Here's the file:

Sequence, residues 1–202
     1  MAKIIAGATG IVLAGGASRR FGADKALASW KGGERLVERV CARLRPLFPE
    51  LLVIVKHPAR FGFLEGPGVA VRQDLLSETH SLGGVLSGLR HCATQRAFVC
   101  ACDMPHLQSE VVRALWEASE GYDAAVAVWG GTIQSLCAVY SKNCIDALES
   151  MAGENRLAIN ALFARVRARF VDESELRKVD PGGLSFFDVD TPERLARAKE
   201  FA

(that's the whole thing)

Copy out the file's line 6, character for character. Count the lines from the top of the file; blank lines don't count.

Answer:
   201  FA